LAHORE: With elections around the corner, a key question troubling many educationists is why even after eight years, Article 25A of the Constitution is not being fully implemented and whether any political party will promise to do so in the next government.
The Article came about in 2010 as part of the 18th amendment, stating that ‘The State would provide free and compulsory education to all children of the age of five to 16 years’.
When Punjab promulgated the free and compulsory education act, it automatically repealed the earlier Punjab Compulsory Primary Education Act 1994. However, it must be noted that the rules to implement the previous law were also never formulated.
Idara-e-Taleem-o-Agahi, an NGO, pushed for its implementation. But today, Director ITA Baela Raza Jamil, also a public policy specialist, condemns the indifference shown by the government.
“Unfortunately the situation is bad in all provinces - the rules have still not been made and there is zero implementation,” she says.
Alif Ailan – a non-profit organisation campaigning for education reform in its Punjab Education Report 2018 quotes a figure of 22.6 million children who are still out of school – a majority of them girls. It also reiterates the worrying quality of education that children receive.
Once a law is passed from assembly it is up to the administrative department to bring the rules forward, says Mohsin Bukhari, deputy director legislation (law department). “The law department only vets the bill before its introduction in the assembly. For Article 25A, it should have been the school education department that is responsible for making the rules.”
Meanwhile, Punjab promulgated a Free and Compulsory Education Ordinance in 2014 and made it a law in November the same year. But again the rules to implement the law are still unformulated.
“We have asked Rana Mashhood many times about the situation,” says PTI Member of Punjab Assembly Naushin Hamid. “We have even asked him outside the assembly and every time his response has been that it is happening but we have yet to see anything.”
Dr Murad Rass (MPA PTI), member of the education standing committee, says there was ‘never any implementation of this law from the very beginning.’
Chaudhry Javed Ahmed, who has served from 2008 to 2013 as chairperson standing committee of education, has a lot to say.
“Our government does not seem to be committed to this work,” he says. “You can see this from the allocation of budget to health and education sector. But despite promises the government has consistently missed the four per cent mark in budgetary allocations.”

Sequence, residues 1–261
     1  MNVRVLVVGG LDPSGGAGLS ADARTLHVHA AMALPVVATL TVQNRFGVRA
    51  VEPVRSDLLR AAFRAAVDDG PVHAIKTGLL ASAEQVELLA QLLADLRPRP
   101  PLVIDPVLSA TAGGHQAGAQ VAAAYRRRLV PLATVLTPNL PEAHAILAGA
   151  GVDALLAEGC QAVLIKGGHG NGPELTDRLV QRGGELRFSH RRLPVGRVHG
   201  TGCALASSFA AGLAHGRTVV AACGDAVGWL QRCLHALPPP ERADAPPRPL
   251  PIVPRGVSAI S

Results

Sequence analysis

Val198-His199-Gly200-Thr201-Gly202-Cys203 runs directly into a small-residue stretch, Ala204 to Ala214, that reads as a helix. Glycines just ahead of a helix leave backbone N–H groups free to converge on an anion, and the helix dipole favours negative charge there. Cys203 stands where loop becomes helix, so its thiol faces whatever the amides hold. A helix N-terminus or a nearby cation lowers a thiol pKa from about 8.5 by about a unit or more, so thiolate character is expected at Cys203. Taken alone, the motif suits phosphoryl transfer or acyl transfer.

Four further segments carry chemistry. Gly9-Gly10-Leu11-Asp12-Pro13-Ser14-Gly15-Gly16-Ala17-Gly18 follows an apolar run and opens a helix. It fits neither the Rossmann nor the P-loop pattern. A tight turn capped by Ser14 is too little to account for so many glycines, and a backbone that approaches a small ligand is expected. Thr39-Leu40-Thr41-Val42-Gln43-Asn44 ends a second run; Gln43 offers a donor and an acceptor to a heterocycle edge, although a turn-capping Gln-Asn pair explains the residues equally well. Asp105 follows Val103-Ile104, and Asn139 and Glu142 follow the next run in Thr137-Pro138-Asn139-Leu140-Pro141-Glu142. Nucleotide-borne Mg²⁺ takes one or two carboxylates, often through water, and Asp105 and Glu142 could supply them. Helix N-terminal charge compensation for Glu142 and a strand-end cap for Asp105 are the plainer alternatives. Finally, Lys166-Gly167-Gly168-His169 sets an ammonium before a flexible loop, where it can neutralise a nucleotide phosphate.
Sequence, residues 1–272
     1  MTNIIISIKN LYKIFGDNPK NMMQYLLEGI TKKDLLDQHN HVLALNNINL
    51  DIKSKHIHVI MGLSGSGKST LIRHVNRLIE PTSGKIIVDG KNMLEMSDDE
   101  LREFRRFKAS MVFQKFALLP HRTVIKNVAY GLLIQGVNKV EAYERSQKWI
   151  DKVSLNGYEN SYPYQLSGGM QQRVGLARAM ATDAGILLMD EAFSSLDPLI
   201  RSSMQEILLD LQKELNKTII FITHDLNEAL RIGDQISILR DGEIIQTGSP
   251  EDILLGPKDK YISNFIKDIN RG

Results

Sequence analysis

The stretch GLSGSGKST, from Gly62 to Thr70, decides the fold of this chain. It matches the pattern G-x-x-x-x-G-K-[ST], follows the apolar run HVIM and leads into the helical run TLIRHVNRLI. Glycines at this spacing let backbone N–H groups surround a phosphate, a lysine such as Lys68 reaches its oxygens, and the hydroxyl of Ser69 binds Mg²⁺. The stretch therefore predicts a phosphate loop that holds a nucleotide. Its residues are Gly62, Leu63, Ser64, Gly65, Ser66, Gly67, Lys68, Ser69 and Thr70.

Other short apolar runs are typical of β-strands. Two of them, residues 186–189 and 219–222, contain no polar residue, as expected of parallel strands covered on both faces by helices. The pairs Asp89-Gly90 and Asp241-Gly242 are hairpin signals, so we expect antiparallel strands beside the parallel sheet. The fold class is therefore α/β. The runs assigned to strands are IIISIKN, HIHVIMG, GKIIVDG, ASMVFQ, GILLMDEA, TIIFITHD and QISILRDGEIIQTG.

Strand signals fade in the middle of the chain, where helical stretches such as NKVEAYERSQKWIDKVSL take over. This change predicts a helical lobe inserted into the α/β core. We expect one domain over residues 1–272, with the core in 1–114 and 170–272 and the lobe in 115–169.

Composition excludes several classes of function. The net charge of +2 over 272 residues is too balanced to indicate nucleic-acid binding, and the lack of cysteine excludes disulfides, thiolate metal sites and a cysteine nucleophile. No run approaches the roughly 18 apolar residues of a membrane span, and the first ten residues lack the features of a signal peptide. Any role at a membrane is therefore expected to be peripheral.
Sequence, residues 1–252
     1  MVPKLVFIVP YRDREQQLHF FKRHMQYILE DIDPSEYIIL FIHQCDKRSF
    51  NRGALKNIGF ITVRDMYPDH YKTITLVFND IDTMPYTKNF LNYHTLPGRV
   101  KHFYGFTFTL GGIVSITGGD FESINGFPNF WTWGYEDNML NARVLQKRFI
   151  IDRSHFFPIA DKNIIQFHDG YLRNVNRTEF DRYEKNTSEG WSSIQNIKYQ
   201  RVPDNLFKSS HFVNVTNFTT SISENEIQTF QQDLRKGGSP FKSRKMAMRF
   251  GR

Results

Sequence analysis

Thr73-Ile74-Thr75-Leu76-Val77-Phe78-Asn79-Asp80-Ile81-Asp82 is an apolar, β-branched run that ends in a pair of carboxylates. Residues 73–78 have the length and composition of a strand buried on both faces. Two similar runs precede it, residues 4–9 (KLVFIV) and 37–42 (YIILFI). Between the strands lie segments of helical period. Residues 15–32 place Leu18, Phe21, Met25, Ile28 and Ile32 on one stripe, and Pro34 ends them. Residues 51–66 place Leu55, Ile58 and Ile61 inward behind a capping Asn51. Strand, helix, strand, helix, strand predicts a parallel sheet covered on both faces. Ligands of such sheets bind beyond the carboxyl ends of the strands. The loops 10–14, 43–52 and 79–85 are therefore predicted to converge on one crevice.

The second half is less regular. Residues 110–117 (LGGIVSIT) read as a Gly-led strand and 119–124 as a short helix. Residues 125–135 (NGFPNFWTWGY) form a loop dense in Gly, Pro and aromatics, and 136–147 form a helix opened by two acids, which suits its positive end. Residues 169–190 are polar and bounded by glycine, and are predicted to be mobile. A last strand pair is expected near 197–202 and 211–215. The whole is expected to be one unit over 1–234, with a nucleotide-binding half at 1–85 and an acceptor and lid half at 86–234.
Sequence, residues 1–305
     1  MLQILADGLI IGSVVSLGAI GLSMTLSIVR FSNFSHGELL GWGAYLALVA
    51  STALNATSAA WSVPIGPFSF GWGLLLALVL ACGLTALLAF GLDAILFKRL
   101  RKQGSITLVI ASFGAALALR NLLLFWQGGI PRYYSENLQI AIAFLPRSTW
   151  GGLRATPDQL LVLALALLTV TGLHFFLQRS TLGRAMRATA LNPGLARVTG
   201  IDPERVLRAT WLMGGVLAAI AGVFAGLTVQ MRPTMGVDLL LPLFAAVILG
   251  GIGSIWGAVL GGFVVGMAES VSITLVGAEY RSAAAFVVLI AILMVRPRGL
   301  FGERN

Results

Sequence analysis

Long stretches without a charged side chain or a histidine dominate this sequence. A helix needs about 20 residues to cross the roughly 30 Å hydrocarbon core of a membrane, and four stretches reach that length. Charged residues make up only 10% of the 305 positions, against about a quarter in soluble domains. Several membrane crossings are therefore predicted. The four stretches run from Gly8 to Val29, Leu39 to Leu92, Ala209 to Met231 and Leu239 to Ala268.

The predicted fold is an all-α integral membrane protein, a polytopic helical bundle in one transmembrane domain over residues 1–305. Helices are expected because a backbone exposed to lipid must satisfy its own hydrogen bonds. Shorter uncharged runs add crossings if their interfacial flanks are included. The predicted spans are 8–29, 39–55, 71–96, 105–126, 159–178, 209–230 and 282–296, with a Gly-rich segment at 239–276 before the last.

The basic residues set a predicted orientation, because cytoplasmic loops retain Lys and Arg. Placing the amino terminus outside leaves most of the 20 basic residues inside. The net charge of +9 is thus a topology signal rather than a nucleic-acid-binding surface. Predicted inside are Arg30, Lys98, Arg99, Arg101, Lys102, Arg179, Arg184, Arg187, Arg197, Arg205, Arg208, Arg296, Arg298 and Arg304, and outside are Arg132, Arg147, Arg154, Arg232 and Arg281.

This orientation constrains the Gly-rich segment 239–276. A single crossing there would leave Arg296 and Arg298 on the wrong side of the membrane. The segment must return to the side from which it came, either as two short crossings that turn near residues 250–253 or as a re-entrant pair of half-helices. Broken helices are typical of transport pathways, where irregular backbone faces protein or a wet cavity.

He says the Article has been reduced to a mere ‘political slogan’. Being from PML-N himself, Chaudhry Javed says during his tenure the committee opposed the Daanish Schools, saying the current infrastructure must be used instead of building new schools.
“Currently Sindh is the only province that has rules notified for its Sindh Free & Compulsory Education Act 2013 but still no implementation,” says Baela.
The fact that children are out of school creates situations where they are exploited, she says.
Only recently, Bonded Labour Liberation Front complained that the children at brick kilns were still working there and were not being sent to schools, says child rights activist Iftikhar Mubarik.
“The problem is too many departments are involved in providing children their rights and their mandate keeps overlapping,” he complains.
Meanwhile, in January this year, the Chief Justice of Pakistan also took notice of the matter.
An official from the Punjab government also said that the reasons included lack of political will, and resource allocations.
“There is little infrastructure in remote areas. In this case the government should pay the parents per child and see that they send their children to any other nearby schools. At least monitoring can be done,” he said.
But MPA Naushin Hamid says a lot of the reasons lie in the fact that the government may not want to even spend money, because ‘implementation is expensive’.
“Under the Article the private schools are supposed to give around 10 per cent seats free, but this is obviously not sitting well with the private schools,” she says. “Even with the Breastfeeding Act 2012, it took the government six years to bring rules for it to be implemented.”
Published in Dawn, April 21st, 2018